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A sold sticker is seen placed on a for sale sign outside a house in east Vancouver, in this file photo.DARRYL DYCK/The Globe and Mail

It's easy – comforting even – to blame foreigners for Canada's housing boom. But it's not really accurate.

Stories abound in Vancouver and Toronto of well-heeled Asians buying up real estate in prime neighbourhoods. No doubt many of the tales are true. But, as federal Finance Minister Bill Morneau recognized on Thursday when setting up a working group, Canada's real estate boom is a complex issue and one where it's important to dive deeper than anecdotes.

The evidence to date suggests that our domestic housing boom is the product of our own behaviour, not that of foreign buyers.

Consider the Teranet House Price Index, which tracks the movement of real estate prices in various cities. It bears eloquent testimony to the great run-up in Canadian home prices over the past decade. The index indicates that Toronto home prices have soared nearly 87 per cent since June, 2005, while Vancouver prices have rocketed 133 per cent over that same period.

Those gains are out of whack with inflation or economic growth. So it's natural to blame an influx of foreigners.

But here's the thing: The gains in Toronto and Vancouver aren't much different from the advances in cities that are far less of a magnet for foreign money. For instance, Winnipeg prices have shot up 97 per cent since 2005, while Quebec City real estate has advanced 74 per cent and homes in Hamilton have gained nearly 80 per cent.

It's difficult to square the big gains in Winnipeg, Quebec City and Hamilton with the narrative that says foreign money is driving Canada's real estate boom. Nothing against those fine cities, but none of them appears to be attracting huge numbers of rich Asian buyers.

The most global aspect of Canada's housing boom is its close resemblance to other episodes around the world. Many developed nations have also experienced real estate giddiness in recent years. Some – like the United States, Spain and Ireland – have seen their infatuations end badly. Others, such as Canada and Britain, continue their real estate love affair.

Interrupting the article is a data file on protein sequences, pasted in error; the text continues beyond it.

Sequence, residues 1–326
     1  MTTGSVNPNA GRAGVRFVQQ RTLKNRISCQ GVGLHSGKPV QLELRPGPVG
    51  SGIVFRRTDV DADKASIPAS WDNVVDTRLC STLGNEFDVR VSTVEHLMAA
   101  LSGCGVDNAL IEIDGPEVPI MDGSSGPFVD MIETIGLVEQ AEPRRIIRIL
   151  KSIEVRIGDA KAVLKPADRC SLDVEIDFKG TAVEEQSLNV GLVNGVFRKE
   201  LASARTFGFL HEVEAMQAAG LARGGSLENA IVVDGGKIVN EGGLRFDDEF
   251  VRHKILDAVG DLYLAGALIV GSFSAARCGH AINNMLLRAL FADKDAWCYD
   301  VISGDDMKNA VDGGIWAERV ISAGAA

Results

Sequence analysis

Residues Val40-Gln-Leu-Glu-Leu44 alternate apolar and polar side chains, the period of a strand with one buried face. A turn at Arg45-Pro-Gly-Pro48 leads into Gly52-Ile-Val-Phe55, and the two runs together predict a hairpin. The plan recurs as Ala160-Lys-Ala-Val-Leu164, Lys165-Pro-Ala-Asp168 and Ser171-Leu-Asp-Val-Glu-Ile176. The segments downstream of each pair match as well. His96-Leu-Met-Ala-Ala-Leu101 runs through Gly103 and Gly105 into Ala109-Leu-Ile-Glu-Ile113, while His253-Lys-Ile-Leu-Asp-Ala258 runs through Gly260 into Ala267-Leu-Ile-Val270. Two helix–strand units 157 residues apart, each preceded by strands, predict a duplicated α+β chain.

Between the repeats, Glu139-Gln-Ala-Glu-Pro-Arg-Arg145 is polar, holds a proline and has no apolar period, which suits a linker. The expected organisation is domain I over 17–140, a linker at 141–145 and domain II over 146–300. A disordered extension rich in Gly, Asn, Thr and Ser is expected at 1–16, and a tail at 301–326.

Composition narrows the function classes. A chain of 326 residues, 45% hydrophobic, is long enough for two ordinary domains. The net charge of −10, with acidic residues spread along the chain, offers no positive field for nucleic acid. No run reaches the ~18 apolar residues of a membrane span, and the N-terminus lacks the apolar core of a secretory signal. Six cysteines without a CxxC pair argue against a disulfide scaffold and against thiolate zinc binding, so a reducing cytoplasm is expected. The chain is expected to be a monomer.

The key driver of these booms appears to be banks' growing reliance on mortgage lending. This has occurred across all developed nations and has resulted in a vast expansion of consumer credit – as well as problems if lending grinds to a halt.

Three economists – Òscar Jordà of the Federal Reserve Bank of San Francisco, Moritz Schularick of the University of Bonn and Alan Taylor of the University of California – laid out the facts in a compelling paper published this year called The Great Mortgaging: Housing Finance, Crises and Business Cycles.

They found that the share of mortgage lending in banks' portfolios has roughly doubled over the past century, from about 30 per cent in 1900 to about 60 per cent today. The boom has resulted in record-high levels of household debt in many developed countries.

"The blowing up and bursting of private credit booms centred on aggressive mortgage expansion reflects deep processes at work across all of the advanced countries," the economists wrote.

They warned that such credit booms make most developed economies far more fragile than in earlier generations.

Their findings are fascinating. And they serve as a reminder that the real problem isn't foreigners, but Canadians' own willingness to lend and borrow.